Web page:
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Westminster Hall

Wednesday 21 January 2009

[Mr. Mike Hancock in the Chair]

Mountain Rescue Teams

Motion made, and Question proposed, That the sitting be now adjourned.—(Mark Tami.)

9.30 am

Dr. Brian Iddon (Bolton, South-East) (Lab): It is a pleasure to begin this debate under your leadership, Mr. Hancock. I expect that those who expressed surprise when I steered the Marine Safety Bill through in the 2002-03 Session will be equally surprised by the title of this debate. However, those who are not familiar with Bolton probably do not know that we have the west Pennine moors on our doorstep. It is an area of exceptional beauty and a recreation area for many of my constituents. Quite a bit of the area is in the constituency of my hon. Friend the Member for Chorley (Mr. Hoyle), who is unable to be with us today because he is serving on a Select Committee. I have checked the records and cannot find a previous Adjournment debate on this subject, so this might be a first.

When I submitted this debate for consideration, the Government were not sure—at least according to the Vote Office—who would make a response. I am very pleased to see the Under-Secretary of State for Transport, my hon. Friend the Member for Poplar and Canning Town (Jim Fitzpatrick) in his seat this morning, and he is very welcome. Some issues related to this subject cross a number of Departments. For example, the Home Office is responsible for some emergency services, especially the police, whom I shall mention quite a bit.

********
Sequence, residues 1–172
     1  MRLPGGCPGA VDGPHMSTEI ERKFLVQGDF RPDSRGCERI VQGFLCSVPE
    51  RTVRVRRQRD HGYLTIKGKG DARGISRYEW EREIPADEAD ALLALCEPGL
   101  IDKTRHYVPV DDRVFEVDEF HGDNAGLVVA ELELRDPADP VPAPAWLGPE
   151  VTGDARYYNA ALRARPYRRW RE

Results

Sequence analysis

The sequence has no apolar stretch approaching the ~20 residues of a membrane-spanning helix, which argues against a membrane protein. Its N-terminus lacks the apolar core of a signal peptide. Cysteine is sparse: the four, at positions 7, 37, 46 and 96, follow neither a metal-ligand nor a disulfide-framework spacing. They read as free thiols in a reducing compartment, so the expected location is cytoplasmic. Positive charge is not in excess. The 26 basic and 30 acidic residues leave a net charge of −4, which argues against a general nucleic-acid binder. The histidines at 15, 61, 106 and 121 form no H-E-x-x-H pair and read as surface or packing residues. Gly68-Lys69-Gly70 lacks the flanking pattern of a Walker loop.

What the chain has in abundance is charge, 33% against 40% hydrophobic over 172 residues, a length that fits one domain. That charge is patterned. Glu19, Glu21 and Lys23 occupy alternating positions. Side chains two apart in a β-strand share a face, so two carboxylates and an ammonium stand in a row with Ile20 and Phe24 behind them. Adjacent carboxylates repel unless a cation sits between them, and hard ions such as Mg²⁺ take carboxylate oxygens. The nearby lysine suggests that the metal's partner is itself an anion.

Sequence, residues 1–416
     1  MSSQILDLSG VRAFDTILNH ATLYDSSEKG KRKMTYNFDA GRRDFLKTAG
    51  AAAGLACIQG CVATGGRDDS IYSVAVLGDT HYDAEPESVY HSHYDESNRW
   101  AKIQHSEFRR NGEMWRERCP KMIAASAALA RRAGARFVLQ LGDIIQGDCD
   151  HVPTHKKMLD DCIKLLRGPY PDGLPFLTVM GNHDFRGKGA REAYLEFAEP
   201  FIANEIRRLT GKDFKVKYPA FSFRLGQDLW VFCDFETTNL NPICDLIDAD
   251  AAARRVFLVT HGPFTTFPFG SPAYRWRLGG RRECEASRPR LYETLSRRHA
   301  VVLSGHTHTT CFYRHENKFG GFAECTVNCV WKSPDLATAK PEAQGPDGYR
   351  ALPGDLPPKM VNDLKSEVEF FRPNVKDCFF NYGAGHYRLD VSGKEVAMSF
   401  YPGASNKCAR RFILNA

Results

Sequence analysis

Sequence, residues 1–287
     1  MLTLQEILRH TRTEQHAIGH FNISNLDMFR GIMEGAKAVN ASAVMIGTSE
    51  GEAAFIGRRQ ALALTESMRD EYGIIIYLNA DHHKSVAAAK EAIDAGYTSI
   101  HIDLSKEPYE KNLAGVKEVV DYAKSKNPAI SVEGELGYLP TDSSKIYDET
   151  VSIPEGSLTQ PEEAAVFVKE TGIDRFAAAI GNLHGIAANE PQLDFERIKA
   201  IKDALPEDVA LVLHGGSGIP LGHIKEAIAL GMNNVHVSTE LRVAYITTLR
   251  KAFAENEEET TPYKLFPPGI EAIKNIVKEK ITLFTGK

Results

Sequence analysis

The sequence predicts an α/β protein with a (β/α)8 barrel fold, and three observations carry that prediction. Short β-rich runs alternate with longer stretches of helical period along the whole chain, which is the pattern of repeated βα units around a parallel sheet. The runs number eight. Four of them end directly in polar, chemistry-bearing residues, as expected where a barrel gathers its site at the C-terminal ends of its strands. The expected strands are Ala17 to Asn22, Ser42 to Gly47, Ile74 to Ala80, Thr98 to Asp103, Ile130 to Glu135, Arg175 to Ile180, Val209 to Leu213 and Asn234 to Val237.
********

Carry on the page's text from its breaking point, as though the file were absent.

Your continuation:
The Bolton mountain rescue team—I will call it the MRT from now on—is one of the finest in the country. I pay tribute today to the hard work of its volunteers and of all mountain rescue volunteers throughout the four parts of the United Kingdom. Bolton MRT has been ably led since March 1989 by Garry Rhodes, who was awarded an MBE last year for his mountain rescue work by Her Majesty the Queen at Buckingham palace.

Bolton MRT was founded in 1968, so it is now in its 40th-anniversary year, and mountain rescue celebrated its 75th anniversary last year. Some 56 mountain rescue teams operate under a central council in England and Wales, of which 11 are located in the Lake district. Although Scotland and Northern Ireland have their own teams and regional bodies, there is dialogue across the United Kingdom. Mountain rescue teams get called out to help with large-scale rescues and searches, especially in mountainous areas. For example, teams from as far away as the Peak district went to assist recovery at the Lockerbie disaster.

Since the emergence of the Search and Rescue Dog Association, the Bolton team is not called out as it used to be to large searches in north Wales and the Lake district. Its bread and butter work involves evacuating casualties from difficult-to-access or remote situations, and searching for missing people in urban, rural and moorland locations, which often have tragic endings.